Day by day, news of emerging COVID-19 vaccines is popping up like spring dandelions. This week, with a shot broadcast ‘round the world, British nonagenarian Margaret Keenan stepped up for the first jab, followed shortly by 81-year-old William Shakespeare and others to hopeful applause. Will Americans follow suit?
The data scientist and his colleagues have analyzed billions of collected tweets and other social media data to decipher Americans’ views on the first coronavirus vaccines. The verdict? Many people are hesitant, skeptical and downright resistant to embracing the new technology.
“Anti-vaccination sentiment is nothing new,” says the Ammon, Idaho native, who majored in biology at USU. “But we’re seeing uneasiness among people who generally support widespread inoculation.”
One of the obstacles is the mind-blowing speed at which the new vaccines were developed.
“It’s an amazing scientific and technological feat and yet, being used to a much longer path, many are incredulous and wary of vaccines yielded in such a politically charged atmosphere,” West says.
Concern about the economic motives of vaccine manufacturers and overly eager politicians is often cited. Others worry about the ethics of the nation’s frailest citizens, along with the lowest-paid frontline workers, being the first to receive the unseasoned vaccinations. Still others, especially people of color, heed warnings of the past.
What West and his colleagues also see is the lightning-speed spread of misinformation – honestly mistaken untruths – along with disinformation – intentionally misleading falsehoods – through the Internet landscape.
“Stemming this spread is at the core of our center, which has, as its mission, to resist strategic misinformation, promote an informed society and strengthen democratic discourse,” he says. “Our exit out of this pandemic very much depends on the dissemination of accurate information and people getting effective vaccinations.”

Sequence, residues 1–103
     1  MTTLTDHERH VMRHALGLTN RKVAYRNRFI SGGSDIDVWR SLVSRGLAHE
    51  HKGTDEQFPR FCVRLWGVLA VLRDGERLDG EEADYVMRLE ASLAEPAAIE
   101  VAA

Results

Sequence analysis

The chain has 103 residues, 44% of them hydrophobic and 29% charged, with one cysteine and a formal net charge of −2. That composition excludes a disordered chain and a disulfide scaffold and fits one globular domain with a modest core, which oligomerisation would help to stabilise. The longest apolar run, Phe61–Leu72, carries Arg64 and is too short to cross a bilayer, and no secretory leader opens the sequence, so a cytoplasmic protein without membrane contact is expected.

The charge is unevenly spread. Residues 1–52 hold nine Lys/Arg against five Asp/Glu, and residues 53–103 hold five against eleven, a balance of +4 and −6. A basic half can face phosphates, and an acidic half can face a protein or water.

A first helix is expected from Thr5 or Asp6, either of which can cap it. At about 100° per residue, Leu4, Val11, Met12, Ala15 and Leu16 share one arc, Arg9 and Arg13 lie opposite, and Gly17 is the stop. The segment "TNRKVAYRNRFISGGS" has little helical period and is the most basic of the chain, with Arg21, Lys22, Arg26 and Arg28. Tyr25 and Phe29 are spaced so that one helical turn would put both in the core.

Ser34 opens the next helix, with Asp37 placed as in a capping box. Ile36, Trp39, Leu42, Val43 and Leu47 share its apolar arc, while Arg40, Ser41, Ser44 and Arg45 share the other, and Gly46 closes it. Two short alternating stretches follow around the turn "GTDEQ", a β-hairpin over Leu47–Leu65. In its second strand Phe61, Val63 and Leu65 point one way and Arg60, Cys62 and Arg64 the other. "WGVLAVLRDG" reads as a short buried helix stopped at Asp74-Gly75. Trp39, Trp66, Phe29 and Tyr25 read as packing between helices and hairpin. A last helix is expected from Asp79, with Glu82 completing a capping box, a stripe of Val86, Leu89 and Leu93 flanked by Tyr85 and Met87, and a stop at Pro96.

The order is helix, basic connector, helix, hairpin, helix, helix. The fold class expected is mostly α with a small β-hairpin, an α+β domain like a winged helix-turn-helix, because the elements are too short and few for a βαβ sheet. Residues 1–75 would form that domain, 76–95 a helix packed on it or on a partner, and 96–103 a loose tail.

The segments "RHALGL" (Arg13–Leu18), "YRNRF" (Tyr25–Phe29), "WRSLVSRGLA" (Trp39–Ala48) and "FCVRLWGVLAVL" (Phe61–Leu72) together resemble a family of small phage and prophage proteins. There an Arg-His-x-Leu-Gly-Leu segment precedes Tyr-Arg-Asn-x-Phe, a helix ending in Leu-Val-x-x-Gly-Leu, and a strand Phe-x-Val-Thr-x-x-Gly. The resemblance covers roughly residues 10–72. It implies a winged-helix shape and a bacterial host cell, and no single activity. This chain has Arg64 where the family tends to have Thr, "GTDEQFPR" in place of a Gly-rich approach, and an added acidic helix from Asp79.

West, who earned a doctorate from UW in 2010 and joined the school’s faculty in 2013, says his passion for research and learning was fostered at Utah State. Entering the school “on a generous academic scholarship,” the 1996 graduate of Idaho’s Hillcrest High School participated in USU’s Honors program and soon got involved in undergraduate research.
“My faculty mentors, Keith Mott from Biology and David Peak from Physics, were deep thinkers,” he says. “Their collaboration opened my eyes to the value of an interdisciplinary approach to complex problems. And their willingness to invest time in me, as an inexperienced student with no knowledge of research, empowered me.”
It’s an approach West explores in his newly released book, Calling Bullshit: The Art of Skepticism in a Data-Driven World, which he co-authored with UW colleague Carl Bergstrom.
“Public research universities like Utah State and the University of Washington are pivotal players in efforts to promote scientific solutions to world crises, like our current pandemic,” West says. “Through their outreach, citizens are empowered to seek accurate information and work together to solve challenges. I feel so lucky to be a product of this mission.”
In a related note: Science Unwrapped at USU, presents “Vaccine Fears,” presented virtually by USU Biology faculty member Thayne Sweeten Friday, January 22, as the College of Science’s public outreach program’s 2020-21 series, “Brave New World” continues.
Public Relations Specialist
College of Science
Associate Professor and Director
Center for an Informed Public, Information School, University of Washington